What is a Learning Disability?
A learning disability is a disorder that affects the brain’s ability to understand receive, process, and utilize certain kinds of information. According to the Diagnostic and Statistical Manual of Mental Disorders (DSM-V), a specific learning disorder is diagnosed when an individual has difficulty learning and using academic skills despite remedial interventions, academic skills are significantly below average for one’s age and grade, and this is not better accounted for by factors such as intellectual disability, visual or auditory deficits, or other mental or neurological disorders.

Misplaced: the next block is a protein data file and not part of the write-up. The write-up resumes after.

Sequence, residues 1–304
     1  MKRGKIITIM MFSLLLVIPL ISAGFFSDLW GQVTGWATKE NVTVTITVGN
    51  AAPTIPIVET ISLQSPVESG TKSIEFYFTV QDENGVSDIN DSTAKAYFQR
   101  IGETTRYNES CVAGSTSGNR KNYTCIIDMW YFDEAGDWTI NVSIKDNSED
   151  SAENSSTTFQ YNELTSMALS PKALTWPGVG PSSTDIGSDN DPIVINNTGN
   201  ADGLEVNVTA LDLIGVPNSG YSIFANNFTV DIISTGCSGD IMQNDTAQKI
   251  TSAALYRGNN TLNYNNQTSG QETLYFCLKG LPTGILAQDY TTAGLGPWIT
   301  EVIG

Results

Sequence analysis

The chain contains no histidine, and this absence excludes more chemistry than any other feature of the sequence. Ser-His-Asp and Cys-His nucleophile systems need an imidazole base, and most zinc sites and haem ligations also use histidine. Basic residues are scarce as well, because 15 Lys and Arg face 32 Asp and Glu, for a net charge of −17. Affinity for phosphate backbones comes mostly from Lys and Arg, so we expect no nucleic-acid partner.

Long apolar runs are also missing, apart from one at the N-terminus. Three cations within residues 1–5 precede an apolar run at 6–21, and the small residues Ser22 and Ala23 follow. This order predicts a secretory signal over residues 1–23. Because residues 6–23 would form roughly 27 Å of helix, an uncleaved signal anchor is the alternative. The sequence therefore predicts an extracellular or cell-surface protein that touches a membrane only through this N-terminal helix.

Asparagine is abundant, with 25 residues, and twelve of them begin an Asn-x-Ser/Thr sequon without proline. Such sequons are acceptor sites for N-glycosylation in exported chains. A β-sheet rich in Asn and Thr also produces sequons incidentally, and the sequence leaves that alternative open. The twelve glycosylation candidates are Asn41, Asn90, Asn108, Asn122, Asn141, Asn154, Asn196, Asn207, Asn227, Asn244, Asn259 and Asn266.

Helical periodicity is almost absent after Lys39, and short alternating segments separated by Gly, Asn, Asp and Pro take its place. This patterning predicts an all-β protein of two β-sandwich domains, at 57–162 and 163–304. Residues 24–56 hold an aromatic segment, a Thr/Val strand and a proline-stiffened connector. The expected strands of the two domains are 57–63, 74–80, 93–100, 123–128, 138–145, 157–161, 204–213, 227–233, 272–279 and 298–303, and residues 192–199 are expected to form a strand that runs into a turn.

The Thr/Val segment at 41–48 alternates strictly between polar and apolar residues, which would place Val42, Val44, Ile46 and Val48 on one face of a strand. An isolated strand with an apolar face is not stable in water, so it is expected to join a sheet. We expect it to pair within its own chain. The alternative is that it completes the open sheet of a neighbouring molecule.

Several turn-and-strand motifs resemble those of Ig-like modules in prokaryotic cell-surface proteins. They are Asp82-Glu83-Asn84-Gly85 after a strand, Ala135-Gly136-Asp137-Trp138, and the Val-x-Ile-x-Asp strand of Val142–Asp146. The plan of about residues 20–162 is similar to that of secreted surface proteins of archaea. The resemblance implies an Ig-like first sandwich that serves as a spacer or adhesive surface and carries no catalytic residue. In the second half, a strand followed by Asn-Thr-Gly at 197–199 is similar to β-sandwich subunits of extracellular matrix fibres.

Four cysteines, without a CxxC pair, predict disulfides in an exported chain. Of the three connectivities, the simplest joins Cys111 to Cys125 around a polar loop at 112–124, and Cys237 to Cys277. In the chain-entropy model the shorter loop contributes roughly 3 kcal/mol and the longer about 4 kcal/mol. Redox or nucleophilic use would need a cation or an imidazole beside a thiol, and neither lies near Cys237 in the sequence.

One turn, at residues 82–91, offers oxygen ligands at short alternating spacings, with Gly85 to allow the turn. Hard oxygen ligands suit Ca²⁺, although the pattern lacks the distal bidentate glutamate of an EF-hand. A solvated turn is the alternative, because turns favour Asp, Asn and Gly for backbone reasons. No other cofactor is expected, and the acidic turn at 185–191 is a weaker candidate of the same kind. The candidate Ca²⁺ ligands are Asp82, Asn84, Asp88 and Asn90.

A specific learning disability in the domain of reading (which is often referred to as dyslexia) typically manifests in problems with word reading accuracy, slow reading rate or poor fluency, and/or trouble with reading comprehension. Dyslexia is often overlooked, especially in kids who are very bright, and those who compensate by working twice as hard as their peers.
A specific learning disability in the area of written expression will typically impact spelling accuracy, grammar and punctuation accuracy, as well as clarity and organization of written material.
A specific learning disability in the domain of mathematics manifests in poor number sense, difficulty memorizing arithmetic facts, difficulty with calculation, and impaired math reasoning ability. These kids often stand out because they have strong academic skills, but “can’t get” math.